Yeah, Valve pretty much just picks whatever the fuck they want regardless of the votes, it seems like. It seems like Greenlight is a system for Valve to never have to deal with people who want games on Steam. It's a solution because everyone gets to sit in Greenlight purgatory until someone over at Valve goes "hey that game looks fun" and Greenlights it. Votes help you get noticed but other than that they mean nothing.

  • BrocksMulletBrocksMullet Into the sunrise, on a jet-ski. Natch.Registered User regular
    Does Valve have at least one person still dedicated to the vetting process?

    I, for one, enjoyed the Mako.

    Steam: BrocksMullet http://steamcommunity.com/profiles/76561197972421669/


  • ShadowfireShadowfire Vermont, in the middle of nowhereRegistered User regular
    Maybe there should just be no downvoting allowed? You don't have to vote "yes," but actively working against people who want to give a developer money is fucking internet trolling at its finest.

    WiiU: Windrunner ; Guild Wars 2: Shadowfire.3940 ; PSN: Bradcopter
  • CorpekataCorpekata Registered User regular
    Fairly certain they've said downvoting has no real relevance.

    LaCabraTychoCelchuuu
  • LaCabraLaCabra MelbourneRegistered User regular
    Yeah downvoting doesn't do shit, just gets it out of your queue.

    TychoCelchuuu
  • TychoCelchuuuTychoCelchuuu PIGEON Registered User regular
    Although to be fair upvoting appears not to do very much either, so...

    LaCabra
  • LaCabraLaCabra MelbourneRegistered User regular
    237th day in the top 100, wdup.

    TychoCelchuuutestsubject23MaddocTeeMan
  • CorpekataCorpekata Registered User regular
    edited April 2013
    I wonder if they're taking into account voting patterns. Someone like me that votes yes on anything that doesn't look like a 12 year old made probably doesn't give good feedback. Or a ton of sudden votes for some meme game like that Surgeon stuff or the Angry Video Game Nerd game. Comment activity, that sort of thing.

    Corpekata on
  • TychoCelchuuuTychoCelchuuu PIGEON Registered User regular
    Corpekata wrote: »
    I wonder if they're taking into account voting patterns. Someone like me that votes yes on anything that doesn't look like a 12 year old made probably doesn't give good feedback. Or a ton of sudden votes for some meme game like that Surgeon stuff or the Angry Video Game Nerd game. Comment activity, that sort of thing.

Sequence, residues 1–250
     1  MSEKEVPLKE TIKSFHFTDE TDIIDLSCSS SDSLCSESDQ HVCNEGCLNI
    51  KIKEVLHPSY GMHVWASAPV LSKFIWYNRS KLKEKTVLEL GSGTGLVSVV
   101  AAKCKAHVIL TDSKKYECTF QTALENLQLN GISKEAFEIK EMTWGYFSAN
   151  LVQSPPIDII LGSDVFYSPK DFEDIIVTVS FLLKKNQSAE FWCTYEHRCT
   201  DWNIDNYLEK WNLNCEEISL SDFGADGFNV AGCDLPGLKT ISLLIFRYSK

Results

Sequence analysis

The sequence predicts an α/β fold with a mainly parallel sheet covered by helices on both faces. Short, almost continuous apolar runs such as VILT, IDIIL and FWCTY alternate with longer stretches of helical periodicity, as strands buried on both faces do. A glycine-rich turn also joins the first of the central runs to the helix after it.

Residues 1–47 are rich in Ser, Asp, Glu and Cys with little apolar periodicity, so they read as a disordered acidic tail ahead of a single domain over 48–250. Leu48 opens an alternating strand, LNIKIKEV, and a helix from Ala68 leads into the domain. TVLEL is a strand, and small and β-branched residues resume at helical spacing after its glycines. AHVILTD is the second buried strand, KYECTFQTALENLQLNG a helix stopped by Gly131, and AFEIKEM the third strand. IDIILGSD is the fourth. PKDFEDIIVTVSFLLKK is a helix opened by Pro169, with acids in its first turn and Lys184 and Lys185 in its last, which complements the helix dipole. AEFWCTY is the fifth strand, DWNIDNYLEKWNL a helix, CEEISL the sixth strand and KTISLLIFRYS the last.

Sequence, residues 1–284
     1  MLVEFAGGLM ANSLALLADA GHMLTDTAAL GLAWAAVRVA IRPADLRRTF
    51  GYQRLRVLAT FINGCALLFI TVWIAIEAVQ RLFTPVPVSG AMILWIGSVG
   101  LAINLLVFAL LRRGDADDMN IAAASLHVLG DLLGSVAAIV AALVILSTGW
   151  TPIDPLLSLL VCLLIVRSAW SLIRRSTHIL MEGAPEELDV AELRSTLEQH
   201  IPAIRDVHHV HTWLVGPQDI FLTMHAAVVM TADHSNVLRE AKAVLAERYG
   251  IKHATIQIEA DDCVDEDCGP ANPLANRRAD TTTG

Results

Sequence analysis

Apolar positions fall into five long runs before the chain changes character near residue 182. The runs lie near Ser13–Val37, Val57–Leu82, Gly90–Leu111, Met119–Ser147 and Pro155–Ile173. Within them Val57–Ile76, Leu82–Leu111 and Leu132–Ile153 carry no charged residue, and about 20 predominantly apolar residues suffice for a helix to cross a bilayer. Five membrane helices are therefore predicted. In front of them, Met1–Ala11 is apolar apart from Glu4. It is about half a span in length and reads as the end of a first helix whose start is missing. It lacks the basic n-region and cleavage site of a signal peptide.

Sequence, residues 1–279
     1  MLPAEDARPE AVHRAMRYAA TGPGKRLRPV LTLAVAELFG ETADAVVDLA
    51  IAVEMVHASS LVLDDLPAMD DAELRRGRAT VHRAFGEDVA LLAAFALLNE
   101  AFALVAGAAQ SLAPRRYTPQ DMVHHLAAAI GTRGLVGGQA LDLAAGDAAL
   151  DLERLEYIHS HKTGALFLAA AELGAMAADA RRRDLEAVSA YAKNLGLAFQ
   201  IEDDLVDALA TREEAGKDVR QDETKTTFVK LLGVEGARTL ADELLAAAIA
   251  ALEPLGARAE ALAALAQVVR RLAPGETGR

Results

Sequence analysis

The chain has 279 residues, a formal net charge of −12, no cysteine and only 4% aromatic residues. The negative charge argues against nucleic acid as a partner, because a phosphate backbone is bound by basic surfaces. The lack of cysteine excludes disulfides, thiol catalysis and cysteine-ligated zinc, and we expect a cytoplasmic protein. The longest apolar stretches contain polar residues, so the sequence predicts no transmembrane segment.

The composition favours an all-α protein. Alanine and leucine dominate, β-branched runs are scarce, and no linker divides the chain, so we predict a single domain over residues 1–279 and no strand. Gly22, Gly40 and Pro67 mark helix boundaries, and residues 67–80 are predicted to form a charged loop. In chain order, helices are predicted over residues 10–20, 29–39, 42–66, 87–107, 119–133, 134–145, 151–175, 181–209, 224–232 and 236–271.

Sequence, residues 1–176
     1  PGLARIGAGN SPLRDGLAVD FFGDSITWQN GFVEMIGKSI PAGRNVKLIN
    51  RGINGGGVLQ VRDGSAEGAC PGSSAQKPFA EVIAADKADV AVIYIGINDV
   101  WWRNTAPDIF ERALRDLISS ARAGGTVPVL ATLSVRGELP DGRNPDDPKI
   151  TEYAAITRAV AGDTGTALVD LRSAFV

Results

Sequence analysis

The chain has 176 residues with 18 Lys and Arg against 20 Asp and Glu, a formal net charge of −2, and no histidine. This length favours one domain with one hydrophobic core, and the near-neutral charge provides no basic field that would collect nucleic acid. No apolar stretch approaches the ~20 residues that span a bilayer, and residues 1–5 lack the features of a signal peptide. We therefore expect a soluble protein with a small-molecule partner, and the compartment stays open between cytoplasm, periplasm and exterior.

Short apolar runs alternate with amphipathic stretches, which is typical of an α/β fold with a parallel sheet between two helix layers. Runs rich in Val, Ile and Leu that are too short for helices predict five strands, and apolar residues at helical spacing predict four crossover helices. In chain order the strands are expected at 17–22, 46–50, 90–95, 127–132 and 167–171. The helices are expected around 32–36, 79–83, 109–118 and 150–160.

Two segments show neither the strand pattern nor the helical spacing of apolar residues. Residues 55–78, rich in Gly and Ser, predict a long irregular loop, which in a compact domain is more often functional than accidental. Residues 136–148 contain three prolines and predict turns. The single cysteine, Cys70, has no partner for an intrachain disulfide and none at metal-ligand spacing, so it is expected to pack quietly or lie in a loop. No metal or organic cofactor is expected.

I think what they're mostly taking into account is:

    1) Is the game steampunk?
    2) Does the game have Slenderman?
    3) Does someone at Valve just happen to like the game for some reason?
    4) Any zombies?

    If the answer is "yes" then the game gets approved. If the answer is "no" then basically if you're near the very top of the list sometimes they choose you.

  • LaCabraLaCabra MelbourneRegistered User regular
    Meanwhile, organising your game to get on basically any other similar service takes maybe a day.

    TychoCelchuuu
  • SumanaiSumanai muh PTRegistered User regular
    Modern day Road Rash? Yes, please! Check out Road Redemption. The trailer is probably scripted but it still looks awesome.

    camo_sig2.png
  • LaCabraLaCabra MelbourneRegistered User regular
    I finally got invited to the Greenlight Dev Steam group - before now that'd been impossible to do without paying the $100, even if you submitted your game before that was a thing. There's some interesting discussion in there where a couple of Valve guys are taking part in a lot of discussions. A lot of what I've read has been elaborate stats analysis where the stats are being used pretty effectively by both sides of every argument to prove opposing points, but also there's new facts being revealed to me, like:
    -most of the games in the last lot approved were below the top 50
    -while I thought it was pretty bad that InFlux had gone up on day one (239 days, whoop), never been below #80, and wasn't close to being approved, there's at least one other guy in the same position only he's never been below #40
    -The reason for Steam not switching to a more app-store-like model where they accept more or less everybody and you just fend for yourself (desirable or not depending on who you talk to) is apparently that Valve just doesn't have the manpower. I dunno, man. Then again, Apple apparently don't have the manpower to keep their Developer Portal running over Christmas.

    Here is a post I made on there.
    I only found out from Steam-chatting with Chet a few days ago that the games that get Greenlit aren't necessarily the top 10/20 at the time. I'd totally assumed that they were; maybe it's the giant "#70 of 1216", implying that's our position along a path that leads, eventually, to publication. Everyone I know had this same assumption, so there's a bit of a communication problem there, maybe.

    I'm not sure how to feel about it. On the one hand it might be good for Steam to be more manually curated than just slicing off the top 10% once in a while. On the other, a lot of press picked it up as a democratisation of the selection process, which it's not, which I think has lead to confusion.
    Pre-Greenlight, there were a lot of applications that were ignored by Steam or turned down with little explanation - "doesn't seem like Steam material", etc - and that'd be it, you'd just never get to be on Steam or be able to find out why. One advantage of Greenlight, I'd thought, was that that couldn't happen anymore. Now it seems like it totally could - for all I know, you guys have looked at my game, mentally assigned it a "nope" label, and I'm continuing to promote the Greenlight page in vain. Maybe that's unlikely or impossible, but the system isn't transparent enough for us to tell.